The whole area of surveillance/privacy invasive technologies appears
contextually rich in all of the more human issues arising from their uses.
As I interpret part of what you state surveillance technologies can equally
be used to the detriment of individuals as they may be by persons attempting
to protect others. The purpose(s) the data collected by the technology is
used for may then be seen as a determinant of the good from any perspective,
which can rather seem to deny any real privacy as everything requires
recording in some way to achieve those ends and hence makes larger
collections of more detailed data potentially available for misuse as well
as leading to increasing access demands to the various data collections for
differing but possibly allied purposes. Flexibility itself can then be seen
to be as much of a problem as an inflexible unchanging point which allows no
A result of adopting the viewpoint outlined here is that the invisible
vulnerabilities of all are increased by an amount correlated to the amount
of data collected and the people who have access. Misuses of data for things
like harassment and stalking may then become simpler and far less traceable.
As you state harassment does, sometimes, end in murder, just as to the
police, every missing person is a potential murder victim. Part of a
privacy paradox is seemingly illustrated there.
The flattening of hierarchical controls which technology and surveillance
can engender as well as enabling individual participation has a very high
potential to create more autocratic control structures. Those types of
issues appear in a great many areas where the individual is empowered by
technology, not merely surveillance/privacy invasion.
From: Research and teaching on surveillance
[mailto:[log in to unmask]] On Behalf Of Ann Rudinow Sætnan
Sent: 02 May 2006 17:35
To: [log in to unmask]
Subject: FW: online vigilantes....
From: Ann Rudinow Sætnan
Sent: Tue 5/2/2006 6:34 PM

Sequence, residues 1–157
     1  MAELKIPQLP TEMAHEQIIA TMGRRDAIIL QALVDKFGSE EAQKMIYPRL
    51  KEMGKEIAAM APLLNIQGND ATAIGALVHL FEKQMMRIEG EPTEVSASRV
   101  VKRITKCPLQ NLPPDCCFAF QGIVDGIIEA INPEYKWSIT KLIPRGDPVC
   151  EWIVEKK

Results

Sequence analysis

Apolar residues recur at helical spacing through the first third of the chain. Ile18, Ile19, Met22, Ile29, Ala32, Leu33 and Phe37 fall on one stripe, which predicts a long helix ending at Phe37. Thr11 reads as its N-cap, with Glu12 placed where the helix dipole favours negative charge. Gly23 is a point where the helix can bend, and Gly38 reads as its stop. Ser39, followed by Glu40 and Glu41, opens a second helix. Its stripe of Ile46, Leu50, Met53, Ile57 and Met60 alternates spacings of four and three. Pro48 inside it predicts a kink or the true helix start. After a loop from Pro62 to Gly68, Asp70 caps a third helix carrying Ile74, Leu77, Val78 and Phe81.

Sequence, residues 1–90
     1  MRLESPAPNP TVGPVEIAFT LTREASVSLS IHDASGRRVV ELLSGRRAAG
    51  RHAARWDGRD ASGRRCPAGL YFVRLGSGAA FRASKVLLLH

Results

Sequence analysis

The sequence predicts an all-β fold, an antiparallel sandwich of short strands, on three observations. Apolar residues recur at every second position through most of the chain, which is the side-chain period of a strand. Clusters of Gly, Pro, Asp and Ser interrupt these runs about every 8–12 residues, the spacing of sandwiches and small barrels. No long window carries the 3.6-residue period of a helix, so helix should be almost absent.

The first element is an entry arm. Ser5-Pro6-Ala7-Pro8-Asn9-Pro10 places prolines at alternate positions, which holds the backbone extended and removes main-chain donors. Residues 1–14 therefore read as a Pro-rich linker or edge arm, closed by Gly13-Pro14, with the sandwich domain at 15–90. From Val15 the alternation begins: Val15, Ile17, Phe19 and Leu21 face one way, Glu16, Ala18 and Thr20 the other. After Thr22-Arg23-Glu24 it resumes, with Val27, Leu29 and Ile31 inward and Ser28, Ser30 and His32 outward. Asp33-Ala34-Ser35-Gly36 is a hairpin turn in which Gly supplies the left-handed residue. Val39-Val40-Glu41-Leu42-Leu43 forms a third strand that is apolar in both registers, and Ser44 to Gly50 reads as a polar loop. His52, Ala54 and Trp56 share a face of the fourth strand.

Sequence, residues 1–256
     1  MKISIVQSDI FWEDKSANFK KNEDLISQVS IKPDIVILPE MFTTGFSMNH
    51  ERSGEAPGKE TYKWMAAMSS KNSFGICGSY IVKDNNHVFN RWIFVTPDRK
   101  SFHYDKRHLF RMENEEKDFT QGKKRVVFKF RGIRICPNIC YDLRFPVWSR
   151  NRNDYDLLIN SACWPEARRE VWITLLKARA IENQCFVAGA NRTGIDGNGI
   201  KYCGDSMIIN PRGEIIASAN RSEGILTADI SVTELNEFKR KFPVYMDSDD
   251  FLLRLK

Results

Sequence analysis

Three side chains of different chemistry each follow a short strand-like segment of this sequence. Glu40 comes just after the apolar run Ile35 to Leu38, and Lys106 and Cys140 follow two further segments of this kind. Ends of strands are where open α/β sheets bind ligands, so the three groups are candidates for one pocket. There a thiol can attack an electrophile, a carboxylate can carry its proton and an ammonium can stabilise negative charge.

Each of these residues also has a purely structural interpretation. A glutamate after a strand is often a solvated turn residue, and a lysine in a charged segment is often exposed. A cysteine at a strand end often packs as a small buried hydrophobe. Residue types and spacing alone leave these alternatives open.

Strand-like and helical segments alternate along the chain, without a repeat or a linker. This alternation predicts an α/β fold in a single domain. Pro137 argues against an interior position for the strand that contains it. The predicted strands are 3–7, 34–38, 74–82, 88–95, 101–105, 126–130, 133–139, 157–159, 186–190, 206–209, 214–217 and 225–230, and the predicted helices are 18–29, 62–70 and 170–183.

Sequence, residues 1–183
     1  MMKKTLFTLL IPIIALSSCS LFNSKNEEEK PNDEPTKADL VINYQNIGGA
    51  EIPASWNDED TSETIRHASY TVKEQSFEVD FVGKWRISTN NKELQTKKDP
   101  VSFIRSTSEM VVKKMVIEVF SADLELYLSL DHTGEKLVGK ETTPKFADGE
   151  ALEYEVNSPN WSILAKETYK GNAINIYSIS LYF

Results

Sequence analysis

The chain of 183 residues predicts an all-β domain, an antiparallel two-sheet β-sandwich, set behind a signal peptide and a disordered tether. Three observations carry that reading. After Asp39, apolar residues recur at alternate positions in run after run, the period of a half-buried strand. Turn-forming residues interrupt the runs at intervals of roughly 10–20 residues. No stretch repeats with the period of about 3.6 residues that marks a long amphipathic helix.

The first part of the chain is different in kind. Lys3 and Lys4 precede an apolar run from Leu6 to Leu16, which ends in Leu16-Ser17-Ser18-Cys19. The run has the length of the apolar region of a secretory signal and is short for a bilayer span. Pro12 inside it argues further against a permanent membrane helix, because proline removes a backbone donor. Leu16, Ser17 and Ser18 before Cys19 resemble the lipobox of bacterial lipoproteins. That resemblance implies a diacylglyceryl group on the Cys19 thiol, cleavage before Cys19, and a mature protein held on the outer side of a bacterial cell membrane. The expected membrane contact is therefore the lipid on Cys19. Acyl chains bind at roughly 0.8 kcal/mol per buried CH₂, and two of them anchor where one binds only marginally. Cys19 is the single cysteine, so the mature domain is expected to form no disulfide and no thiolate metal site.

To: Ian Welton
Subject: RE: online vigilantes....
One interesting thing about the sexual harrassment ones is the question of
who's invading whose privacy, who's watching whom in unacceptable ways. That
becomes a bit more philosophically challenging than the speed trap case,
although that one too has some in-built ethical contradictions. Remember --
both speeding and sexual harrassment are very real problems with serious
consequences. Harrassment does, sometimes, end in murder.
Another point of difference between the two cases: speed cams usually have a
clear cut-off point, a speed below which you will not be recorded, whereas
the sexual harrassment text indicates a problematic flexibility -- what's
just fun for one may be a mild irritation for the next and totally
unacceptable for the third, and whoever finds something unacceptable gets to
post it and "out" the harrasser.
Personally, I'd prefer calling the police in cases of sexual harrassment, a
lesson learned after _not_ calling them when I was kidnapped and attempted
raped back in college. Escaping on my own was one thing, but I should have
gone to the police as part of dealing with the aftermath.
Well, both cases are worth thinking about, but I have to do other work now.
I'll watch for others' thoughts.
Ann R. Saetnan
From: Research and teaching on surveillance on behalf of Ian Welton
Sent: Tue 5/2/2006 5:57 PM
To: [log in to unmask]
Subject: Re: online vigilantes....
A link circulated by CPSR contains a story along similar lines.
CCTV and radar speed traps can sometimes be used in comparable ways. There
are many analogous similarities.
> -----Original Message-----
> From: Research and teaching on surveillance
> [mailto:[log in to unmask]]On Behalf Of Nils Zurawski
> Sent: Tuesday, May 02, 2006 1:19 PM
> To: [log in to unmask]
> Subject: online vigilantes....
> this definitely falls under "people watching
> people"... the consequences of this are probably
> enourmous, if yet to be seen... as a surveillance
> issue this is highly interesting... and provides
> a lot of material for discussion on data
> protection, privacy rights, and social sorting...
> "Mobile vigilantes snap sex pests in action... "
> Observer from 30th April 2006
> best nilz
> Dr. Nils Zurawski
> Universität Hamburg
> Inst. für kriminologische Sozialforschung
> Allende-Platz 1
> 20146 Hamburg
> tel. +49 (0) 40 42838 6185
> fax. +49 (0) 40 42838 2328
> Projekt zu Videoüberwachung: http://www.surveillance-studies.org
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